Lights - Mitchell Humphreys
I think that one of the more dangerous aspects of driving today is the poor maintenance or misuse of lights by road users.

I always thought that the rule was "if it's dark enough for any lights, it's dark enough for dipped headlights". however, I was gobsmacked to read in the Highway Code that side-lights are permissible at dawn and dusk and when street lights are close together (i.e., for a London dweller, everywhere!).

I think that this is mad for a number of reasons.
1, there are fine lines between dawn, day, dusk & night;
2, despite the fact that all motorists should check their lights, most don't and, because the beam from a side light is weak, most don't notice when a bulb blows;
3, while some side lights are bright, others are very weak and next to useless;
4, in a row of oncoming traffic, if the majority of cars are using dipped headlights, those with only side lights tend to disappear.

However, I'm not an advocate of all-day headlights, although I understand that the government are considering legislation to get manufacturers to "hard wire" lights on at all times. I think that this can be distracting during the day, and can also diminish one's ability to judge distances.

What would be more sensible would be automation of lights. I hired a car in America that would turn its own lights on if it thought it too dark, and that included dreary conditions in the wet.

I will leave the vexed question why some people insist on a combination of side lights and fog lights for another time

Or am I wrong?
Re: Lights - Dave
Mitchell Humphreys wrote:
>
> However, I'm not an advocate of all-day headlights


On a bike it's essential. If I ride my bike with lights off I might as well not be there. If I ride on dip I still get myopic mildred pulling out on me.

Full beam in all daylight hours is essential.

Dunno about cars. I leave my lights on dip 24/7 in the car. Don't think it makes a lot of odds.
Re: Lights - David W
How was the birthday Dave?

Just a bit worried about the full beam thing. You see your headlamp is at my head height and if I'm dazzled by your beam as the bike lifts under power I might just miss someone passing you.

David
Re: Lights - Dave
David W wrote:
>
> How was the birthday Dave?

One of the best. Good food, good company. Very slight headache is proving difficult to shake off. ;-) Came in this morning to a very welcome pay rise. (I may be able to revarnish Tiny Tim's crutches now...)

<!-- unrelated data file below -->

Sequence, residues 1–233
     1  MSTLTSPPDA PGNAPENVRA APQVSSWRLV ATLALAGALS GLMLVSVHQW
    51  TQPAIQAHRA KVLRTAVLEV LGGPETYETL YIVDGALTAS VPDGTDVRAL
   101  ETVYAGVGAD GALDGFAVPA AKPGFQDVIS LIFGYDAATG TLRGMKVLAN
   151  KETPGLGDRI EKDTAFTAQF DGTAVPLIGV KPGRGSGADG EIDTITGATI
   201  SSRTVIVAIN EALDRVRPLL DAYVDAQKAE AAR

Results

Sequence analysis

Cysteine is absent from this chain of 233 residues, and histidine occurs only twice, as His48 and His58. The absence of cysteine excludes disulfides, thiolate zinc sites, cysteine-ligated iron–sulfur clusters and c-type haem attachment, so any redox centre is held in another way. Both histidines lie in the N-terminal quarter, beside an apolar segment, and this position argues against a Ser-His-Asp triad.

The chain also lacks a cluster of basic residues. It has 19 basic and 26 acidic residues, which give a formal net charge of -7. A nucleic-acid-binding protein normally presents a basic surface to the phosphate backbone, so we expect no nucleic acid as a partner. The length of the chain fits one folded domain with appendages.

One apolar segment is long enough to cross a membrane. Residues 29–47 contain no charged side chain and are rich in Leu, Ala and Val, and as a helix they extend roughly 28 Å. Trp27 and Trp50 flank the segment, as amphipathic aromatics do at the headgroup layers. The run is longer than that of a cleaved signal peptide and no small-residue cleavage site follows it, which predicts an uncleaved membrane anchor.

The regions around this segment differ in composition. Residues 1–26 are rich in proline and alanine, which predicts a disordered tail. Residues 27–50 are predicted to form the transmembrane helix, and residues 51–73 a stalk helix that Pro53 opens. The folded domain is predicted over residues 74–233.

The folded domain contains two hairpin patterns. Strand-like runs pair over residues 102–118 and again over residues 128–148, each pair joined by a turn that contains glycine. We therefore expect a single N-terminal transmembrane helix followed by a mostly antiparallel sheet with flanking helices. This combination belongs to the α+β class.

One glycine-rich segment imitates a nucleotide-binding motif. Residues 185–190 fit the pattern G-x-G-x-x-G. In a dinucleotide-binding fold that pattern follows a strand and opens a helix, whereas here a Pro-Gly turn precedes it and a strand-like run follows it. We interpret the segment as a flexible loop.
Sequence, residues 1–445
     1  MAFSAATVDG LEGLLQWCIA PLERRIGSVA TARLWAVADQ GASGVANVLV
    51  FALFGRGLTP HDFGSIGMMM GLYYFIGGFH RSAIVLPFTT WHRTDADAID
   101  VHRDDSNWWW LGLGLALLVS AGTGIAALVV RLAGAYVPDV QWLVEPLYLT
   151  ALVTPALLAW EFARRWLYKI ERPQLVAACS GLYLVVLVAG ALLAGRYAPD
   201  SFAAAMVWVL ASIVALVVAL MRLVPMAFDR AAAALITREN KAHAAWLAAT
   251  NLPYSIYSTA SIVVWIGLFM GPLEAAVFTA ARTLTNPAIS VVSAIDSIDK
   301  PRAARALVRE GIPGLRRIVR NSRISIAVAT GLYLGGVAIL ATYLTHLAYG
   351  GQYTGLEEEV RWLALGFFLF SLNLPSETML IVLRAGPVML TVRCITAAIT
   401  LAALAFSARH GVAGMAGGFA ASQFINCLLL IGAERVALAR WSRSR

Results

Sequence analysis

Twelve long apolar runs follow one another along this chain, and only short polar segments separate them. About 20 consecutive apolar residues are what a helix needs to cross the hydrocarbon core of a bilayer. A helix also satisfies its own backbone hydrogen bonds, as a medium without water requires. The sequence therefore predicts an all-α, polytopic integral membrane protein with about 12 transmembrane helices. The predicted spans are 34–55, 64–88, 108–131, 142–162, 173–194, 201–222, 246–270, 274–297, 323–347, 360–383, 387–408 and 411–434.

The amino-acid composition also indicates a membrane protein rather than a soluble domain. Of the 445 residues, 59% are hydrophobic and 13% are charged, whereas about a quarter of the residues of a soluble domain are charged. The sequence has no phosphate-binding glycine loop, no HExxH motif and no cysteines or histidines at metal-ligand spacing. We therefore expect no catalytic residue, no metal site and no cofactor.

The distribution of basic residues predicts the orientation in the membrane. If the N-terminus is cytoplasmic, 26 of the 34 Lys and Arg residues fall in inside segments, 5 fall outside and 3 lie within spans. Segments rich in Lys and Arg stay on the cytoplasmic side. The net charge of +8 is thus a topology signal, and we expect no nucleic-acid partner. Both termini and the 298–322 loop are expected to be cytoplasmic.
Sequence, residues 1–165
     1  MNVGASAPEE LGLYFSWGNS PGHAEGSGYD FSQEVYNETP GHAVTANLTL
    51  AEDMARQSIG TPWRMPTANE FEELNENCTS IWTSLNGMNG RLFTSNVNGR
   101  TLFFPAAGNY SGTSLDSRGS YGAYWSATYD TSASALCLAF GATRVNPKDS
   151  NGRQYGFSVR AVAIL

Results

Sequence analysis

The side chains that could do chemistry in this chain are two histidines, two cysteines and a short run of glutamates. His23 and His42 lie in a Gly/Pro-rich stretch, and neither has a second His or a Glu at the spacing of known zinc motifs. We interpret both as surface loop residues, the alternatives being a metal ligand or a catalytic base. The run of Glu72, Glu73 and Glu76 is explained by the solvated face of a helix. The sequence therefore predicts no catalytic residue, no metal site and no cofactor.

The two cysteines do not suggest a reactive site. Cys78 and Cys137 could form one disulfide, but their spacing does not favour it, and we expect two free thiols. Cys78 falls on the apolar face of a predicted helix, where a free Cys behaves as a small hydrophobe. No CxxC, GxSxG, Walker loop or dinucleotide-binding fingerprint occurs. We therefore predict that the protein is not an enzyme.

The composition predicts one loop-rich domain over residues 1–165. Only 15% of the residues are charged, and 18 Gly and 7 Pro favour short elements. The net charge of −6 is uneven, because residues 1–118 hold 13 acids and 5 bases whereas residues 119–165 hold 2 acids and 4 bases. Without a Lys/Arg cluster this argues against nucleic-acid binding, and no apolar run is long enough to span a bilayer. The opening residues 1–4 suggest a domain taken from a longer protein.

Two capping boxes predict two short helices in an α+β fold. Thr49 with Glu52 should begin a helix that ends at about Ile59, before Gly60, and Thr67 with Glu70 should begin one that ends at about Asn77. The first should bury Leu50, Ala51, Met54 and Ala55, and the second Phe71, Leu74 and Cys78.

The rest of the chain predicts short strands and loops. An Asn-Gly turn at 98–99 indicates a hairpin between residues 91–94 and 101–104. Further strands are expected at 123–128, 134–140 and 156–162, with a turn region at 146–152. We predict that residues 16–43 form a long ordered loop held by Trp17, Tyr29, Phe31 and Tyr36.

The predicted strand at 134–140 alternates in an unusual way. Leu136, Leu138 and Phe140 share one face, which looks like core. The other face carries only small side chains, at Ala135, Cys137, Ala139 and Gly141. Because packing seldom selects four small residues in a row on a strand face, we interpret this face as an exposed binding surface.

> > Just a bit worried about the full beam thing. You see your
> headlamp is at my head height and if I'm dazzled by your beam
> as the bike lifts under power I might just miss someone
> passing you.

True, I do dazzle some drivers even in broad daylight - I know 'cos they flash me. I think older drivers are more sensative too it. (Or more prone to flashing)

But IIRC 75 per cent of biker deaths are caused by someone pulling out of a junction into the path of the rider and in the real world *all* of the near misses I've ever had are cars pulling out into my path. (I'm not totally blameing the other drivers - if I'm honest sometimes I will arrive a bit quicker than they might expect...)

I'm convinced full beam is the lesser of two evils. Now you've brought that point I will use dip beam on dull days... (Rarely out on Dull days though)
Re: Lights - Alwyn
I have mentioned before that a good friend was killed riding his motorbike when an unlicenced female drove out of a side road into his path.

He had his headlights on and was wearing a set of day-glo yellows. She said she thought he was further away and, when she realised how close he was, she stopped right in his path. ( Fined £125 for driving without due care and another £125 for driving on a provisonal licence unaccompanied)

However, I do think that bikers riding on full beam are dangerous. Our eyes seem to be drawn to the beams and we say "That b..... is dazzling me"

My cousin is a biker and he would agree with you that drivers often don't see bikes as they can be lost in the background of street furniture.

Perhaps fewer signs would be safer!

Take care